UK agents should not have immunity for serious crimes, peers urge
Members of the House of Lords and former ministers have written to the UK home secretary urging her to exclude murder, torture and rape from a draft law granting government agents and informants immunity for crimes committed while undercover.
Alf Dubs, a Labour peer, will on Monday bring an amendment to the Home Office’s Covert Human Intelligence Sources bill seeking strict limits on the types of crimes that are sanctioned under the legislation. The bill will for the first time ensure legal protection for agents and informants working for police and UK intelligence agencies to break the law if this would prevent a more serious crime or threat to national security.
Ahead of the amendment, Lord Dubs, former attorney-general Dominic Grieve and Scotland’s former advocate general Jim Wallace, have warned home secretary Priti Patel that, while they recognise covert agents might need to break the law, immunity should not extend to the gravest offences of murder, torture and rape.
“We have real concern that the current bill does not have express limits to rule out the worst crimes, such as murder or torture, which leaves too great a scope for abuses,” their letter to Ms Patel reads.
Crimes committed while working undercover might typically include joining a proscribed terrorist organisation. Ministers and security officials have said they do not want to define “permissible” crimes in the legislation in case criminal or terrorist groups seek to test undercover agents by asking them to commit banned offences.
However, the letter argues that fellow members of the Five Eyes intelligence-sharing alliance, such as the US, Canada, and Australia, have similar legislation, which does rule out the most serious crimes.
“We have seen no evidence that placing limits on crimes such as murder and torture leave these agencies less able to thwart terrorism and protect the public,” the letter reads, adding that the FBI in the US runs more than 15,000 covert agents every year.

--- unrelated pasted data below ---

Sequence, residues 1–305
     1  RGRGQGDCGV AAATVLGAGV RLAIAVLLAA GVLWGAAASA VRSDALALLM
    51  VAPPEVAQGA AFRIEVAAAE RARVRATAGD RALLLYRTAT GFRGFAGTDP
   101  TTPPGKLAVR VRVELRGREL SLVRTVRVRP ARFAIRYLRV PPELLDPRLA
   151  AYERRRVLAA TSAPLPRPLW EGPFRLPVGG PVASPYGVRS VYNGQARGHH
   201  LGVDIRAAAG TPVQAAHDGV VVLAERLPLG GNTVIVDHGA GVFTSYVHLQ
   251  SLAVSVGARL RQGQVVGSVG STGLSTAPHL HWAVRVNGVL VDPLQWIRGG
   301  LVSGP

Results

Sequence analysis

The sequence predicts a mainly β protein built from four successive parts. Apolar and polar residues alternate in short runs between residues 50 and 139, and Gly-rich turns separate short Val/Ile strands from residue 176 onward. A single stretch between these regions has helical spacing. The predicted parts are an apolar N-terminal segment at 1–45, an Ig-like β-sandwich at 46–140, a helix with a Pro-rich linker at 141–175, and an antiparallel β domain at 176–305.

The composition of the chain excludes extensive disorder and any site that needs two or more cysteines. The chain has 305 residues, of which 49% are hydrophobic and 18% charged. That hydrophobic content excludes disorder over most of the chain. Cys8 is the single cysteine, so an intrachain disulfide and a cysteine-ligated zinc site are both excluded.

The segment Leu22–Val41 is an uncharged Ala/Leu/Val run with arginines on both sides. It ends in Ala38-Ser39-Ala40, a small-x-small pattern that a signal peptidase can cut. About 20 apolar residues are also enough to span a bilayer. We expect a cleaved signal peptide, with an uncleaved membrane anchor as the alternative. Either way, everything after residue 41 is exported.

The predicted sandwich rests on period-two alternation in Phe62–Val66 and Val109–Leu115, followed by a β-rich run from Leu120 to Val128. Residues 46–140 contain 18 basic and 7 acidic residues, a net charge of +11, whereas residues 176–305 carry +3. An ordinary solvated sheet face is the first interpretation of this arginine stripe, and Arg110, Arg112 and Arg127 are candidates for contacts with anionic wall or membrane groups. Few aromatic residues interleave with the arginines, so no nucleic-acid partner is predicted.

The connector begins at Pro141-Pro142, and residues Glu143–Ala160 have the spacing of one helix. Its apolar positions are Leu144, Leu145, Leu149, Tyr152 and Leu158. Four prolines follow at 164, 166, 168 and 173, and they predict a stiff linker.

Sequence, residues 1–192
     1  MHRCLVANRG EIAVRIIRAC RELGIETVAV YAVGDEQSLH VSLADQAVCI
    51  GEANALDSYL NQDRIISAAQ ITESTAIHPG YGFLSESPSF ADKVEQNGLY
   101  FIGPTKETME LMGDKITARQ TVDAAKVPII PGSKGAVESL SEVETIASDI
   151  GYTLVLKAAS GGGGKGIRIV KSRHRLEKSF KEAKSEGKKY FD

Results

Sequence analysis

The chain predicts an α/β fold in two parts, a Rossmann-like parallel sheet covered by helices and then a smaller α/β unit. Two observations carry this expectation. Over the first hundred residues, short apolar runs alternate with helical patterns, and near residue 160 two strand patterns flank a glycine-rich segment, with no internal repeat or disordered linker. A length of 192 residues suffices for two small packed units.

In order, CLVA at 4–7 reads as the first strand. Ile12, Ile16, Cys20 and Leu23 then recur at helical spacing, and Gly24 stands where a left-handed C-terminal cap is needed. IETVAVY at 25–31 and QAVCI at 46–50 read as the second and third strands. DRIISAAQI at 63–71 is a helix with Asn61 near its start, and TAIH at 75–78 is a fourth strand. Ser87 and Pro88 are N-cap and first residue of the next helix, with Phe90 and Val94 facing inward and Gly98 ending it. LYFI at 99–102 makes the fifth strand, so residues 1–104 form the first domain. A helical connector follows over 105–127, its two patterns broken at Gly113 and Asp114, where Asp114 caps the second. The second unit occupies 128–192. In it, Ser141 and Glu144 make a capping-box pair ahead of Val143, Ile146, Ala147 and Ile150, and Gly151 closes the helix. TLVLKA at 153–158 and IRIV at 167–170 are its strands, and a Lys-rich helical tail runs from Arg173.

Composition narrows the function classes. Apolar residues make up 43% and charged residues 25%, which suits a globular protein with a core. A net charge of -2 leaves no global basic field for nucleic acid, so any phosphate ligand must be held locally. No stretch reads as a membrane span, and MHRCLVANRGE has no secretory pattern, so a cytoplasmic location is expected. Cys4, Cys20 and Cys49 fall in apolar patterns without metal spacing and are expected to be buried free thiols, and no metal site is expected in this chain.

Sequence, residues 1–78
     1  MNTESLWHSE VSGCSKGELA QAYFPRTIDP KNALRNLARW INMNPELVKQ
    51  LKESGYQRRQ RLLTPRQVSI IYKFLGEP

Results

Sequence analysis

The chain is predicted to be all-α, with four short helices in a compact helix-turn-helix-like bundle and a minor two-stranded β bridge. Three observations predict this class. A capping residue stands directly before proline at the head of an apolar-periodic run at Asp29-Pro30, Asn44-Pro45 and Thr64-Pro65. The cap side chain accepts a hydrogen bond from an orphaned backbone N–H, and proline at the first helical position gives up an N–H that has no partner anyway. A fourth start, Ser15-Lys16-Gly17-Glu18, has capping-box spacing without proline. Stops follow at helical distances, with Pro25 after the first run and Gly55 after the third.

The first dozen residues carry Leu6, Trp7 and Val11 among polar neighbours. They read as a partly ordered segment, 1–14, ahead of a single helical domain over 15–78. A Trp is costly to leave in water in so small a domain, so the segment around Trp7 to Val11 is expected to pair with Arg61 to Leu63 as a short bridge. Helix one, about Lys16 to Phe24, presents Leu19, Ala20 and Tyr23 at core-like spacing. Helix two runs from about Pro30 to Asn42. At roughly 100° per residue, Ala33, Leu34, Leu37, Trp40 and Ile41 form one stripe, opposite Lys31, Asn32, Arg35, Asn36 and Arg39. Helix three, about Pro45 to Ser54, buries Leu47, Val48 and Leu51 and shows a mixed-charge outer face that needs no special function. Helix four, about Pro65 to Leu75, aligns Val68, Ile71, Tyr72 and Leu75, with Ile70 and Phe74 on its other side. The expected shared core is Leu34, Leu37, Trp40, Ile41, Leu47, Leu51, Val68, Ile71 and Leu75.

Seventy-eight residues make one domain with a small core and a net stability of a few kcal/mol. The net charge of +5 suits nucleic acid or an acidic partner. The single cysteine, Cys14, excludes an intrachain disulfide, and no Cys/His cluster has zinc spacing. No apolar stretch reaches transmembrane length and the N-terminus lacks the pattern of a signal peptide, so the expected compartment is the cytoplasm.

Lord Dubs, who previously served as a minister in the Northern Ireland Office under the last Labour government, told the Financial Times he believed he had “crossbench support” for his amendment.
Mr Grieve said he was “very sympathetic to the government’s dilemma”, having spent four years as chair of parliament’s intelligence and security committee, which oversees the security services.
“Putting a series of previously unwritten rules into statutory form creates some very particular problems about how you protect agents and informants whose lives may be on the line,” he said. “But murder, rape and torture are such clear breaches of the Human Rights Act that they should never be in scope and it’s an important statement about the rule of law that they should be excluded.”
The difficulties of managing crimes committed by informants came under new scrutiny last month, when it emerged that MI6, the UK’s overseas intelligence service, had failed to warn ministers that a “high risk agent” working overseas was likely to have engaged in serious criminality.
The shortcoming only came to light in a report from the Investigatory Powers Commissioner, which provides independent oversight of the intelligence agencies and the police. It expressed concern that MI6 had asked the foreign secretary to reauthorise the agent’s operations without making clear that “red lines” set by the intelligence service about criminality had probably been crossed.
The CHIS bill relates to crimes committed by informants and agents on UK soil. It is most relevant to the security agencies but also covers people working undercover for organisations including HM Revenue & Customs and the Gambling Commission.
James Brokenshire, security minister, emphasised that the bill only authorised crimes that are compliant with the Human Rights Act, which includes the right to life.
“The bill does not list specific crimes that may be authorised, as to do so would place into the hands of criminals, terrorists and hostile states a means of testing CHIS, resulting in an increased threat to the public,” he added.